Using the wrong word for the wrong concept is a tactic that Humpty Dumpty discussed in 1870-odd. It's reputation hasn't improved.
... that's more than a little pedantic.
If you want a scientific discussion, then get used to pedantry, and saying precisely what you mean using precisely the technical terminology of the field, unless you want people to think that you mean what you say, instead of what you mean.
For example, you say Change the temperate of the water? Coral dies. / Touch the coral? The coral dies. / Change the ocean chemistry in anyway? The coral dies. I suspect that you mean "Change the temperature of the water too much and too fast and the coral dies" (and appropriate other changes). Because if that isn't what you meant, then you are implying that every single day then every coral on the planet dies as the thermonuclear radiation of the rising Sun sears the water. (The deep water corals would die on a less predictable time scale. I see about 0.16 centigrade variation on the well I'm just writing reports on, though that's isolated from the global deep water circulation. But that's an easily measurable change, which you imply is fatal. If only the seabed wasn't lethal, so that there could be corals to die.)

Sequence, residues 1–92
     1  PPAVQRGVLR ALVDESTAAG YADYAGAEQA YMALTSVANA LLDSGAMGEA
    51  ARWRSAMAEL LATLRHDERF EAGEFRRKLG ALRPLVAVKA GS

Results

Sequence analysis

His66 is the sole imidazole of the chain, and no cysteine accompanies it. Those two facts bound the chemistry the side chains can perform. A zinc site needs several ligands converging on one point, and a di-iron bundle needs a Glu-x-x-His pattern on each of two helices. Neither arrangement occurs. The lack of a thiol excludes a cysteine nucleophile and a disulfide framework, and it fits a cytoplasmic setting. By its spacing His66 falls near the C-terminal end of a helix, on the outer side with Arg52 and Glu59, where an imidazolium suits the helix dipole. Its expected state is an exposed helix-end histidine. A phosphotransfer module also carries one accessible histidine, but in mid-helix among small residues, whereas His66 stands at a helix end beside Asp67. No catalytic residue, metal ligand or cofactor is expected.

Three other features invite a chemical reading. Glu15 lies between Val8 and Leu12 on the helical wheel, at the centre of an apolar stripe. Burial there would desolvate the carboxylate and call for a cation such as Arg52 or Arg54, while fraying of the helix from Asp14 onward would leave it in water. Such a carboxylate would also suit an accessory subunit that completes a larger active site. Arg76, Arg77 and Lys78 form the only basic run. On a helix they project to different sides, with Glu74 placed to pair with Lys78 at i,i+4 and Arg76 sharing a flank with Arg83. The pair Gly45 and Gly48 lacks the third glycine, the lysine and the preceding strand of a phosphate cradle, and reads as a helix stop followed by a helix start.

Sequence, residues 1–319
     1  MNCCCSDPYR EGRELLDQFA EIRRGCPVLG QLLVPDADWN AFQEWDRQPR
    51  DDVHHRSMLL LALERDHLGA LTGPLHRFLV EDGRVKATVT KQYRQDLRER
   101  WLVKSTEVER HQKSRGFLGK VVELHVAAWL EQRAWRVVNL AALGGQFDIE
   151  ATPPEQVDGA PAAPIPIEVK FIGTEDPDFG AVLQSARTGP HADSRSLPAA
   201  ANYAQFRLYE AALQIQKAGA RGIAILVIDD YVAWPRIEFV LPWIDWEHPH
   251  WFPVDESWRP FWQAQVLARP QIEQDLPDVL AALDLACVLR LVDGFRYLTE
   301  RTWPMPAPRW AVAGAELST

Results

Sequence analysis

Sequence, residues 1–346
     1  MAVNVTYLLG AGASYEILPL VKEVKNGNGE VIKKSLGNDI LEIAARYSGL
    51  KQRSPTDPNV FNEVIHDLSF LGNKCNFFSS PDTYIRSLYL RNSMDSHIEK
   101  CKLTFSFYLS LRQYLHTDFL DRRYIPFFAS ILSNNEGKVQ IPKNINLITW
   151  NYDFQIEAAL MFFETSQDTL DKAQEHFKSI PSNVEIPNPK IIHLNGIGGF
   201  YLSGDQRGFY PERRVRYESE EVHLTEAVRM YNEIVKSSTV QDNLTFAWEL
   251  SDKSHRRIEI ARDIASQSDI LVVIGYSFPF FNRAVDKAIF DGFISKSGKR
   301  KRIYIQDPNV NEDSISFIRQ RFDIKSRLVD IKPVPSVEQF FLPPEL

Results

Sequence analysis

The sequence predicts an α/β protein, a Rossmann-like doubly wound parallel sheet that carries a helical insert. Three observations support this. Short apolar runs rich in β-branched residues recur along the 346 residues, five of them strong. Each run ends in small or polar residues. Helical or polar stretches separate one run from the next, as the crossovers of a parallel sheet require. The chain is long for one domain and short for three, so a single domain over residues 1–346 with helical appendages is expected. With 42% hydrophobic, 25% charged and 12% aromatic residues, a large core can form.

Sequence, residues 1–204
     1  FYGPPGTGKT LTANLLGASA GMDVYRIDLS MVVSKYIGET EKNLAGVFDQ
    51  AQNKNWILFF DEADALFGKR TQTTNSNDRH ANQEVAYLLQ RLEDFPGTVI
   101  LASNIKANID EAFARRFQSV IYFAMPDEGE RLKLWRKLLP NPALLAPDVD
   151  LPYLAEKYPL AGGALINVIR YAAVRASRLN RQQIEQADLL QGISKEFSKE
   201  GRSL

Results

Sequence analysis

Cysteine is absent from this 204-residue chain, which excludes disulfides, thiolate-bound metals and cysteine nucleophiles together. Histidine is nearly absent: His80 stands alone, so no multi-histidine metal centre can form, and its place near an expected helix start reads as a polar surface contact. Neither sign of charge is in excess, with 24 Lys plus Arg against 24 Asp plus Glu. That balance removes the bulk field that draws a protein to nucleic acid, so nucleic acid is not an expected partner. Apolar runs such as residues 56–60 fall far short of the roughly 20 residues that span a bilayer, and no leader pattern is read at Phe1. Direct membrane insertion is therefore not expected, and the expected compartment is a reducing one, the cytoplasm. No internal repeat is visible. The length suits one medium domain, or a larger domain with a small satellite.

You seem to be thinking that all species of corals are interchangeable. Which I find incredible, having to spend some parts of my working life writing reports on corals at the bottom of the North Atlantic (well, 2km below surface ; below the photic zone by over a km, and in water temperatures of 1-2 centigrade) and other parts of my life monitoring for contamination of coral reefs in the intertidal zone and 25-30 centigrade water. Somehow, I don't think that one of those species is going to be able to colonise an empty niche left by the other.
Rate of change is very important. The global temperature rise in the Lower Cretaceous didn't lead to a significant extinction event. That temperature change took place over several millions of years. A similar magnitude of temperature change in the Late Eocene (the PETM "blast in the past" as we call it at work, using it as a geosteering datum) took place over about 6000 years and led to one of the largest mass extinctions outside the "big five".
The effect of humans on the seas is significant, important, and growing. But personally, I'm slightly more concerned about the pH changes than the temperature changes. Not because I think corals are robust to temperature changes, but because the symbiont algae are probably more amenable to rapid evolution (human directed, if necessary) and experimental recharge of the corals. Which is work-in-progress. But that won't be by the sort of mechanisms that you seem to think will happen.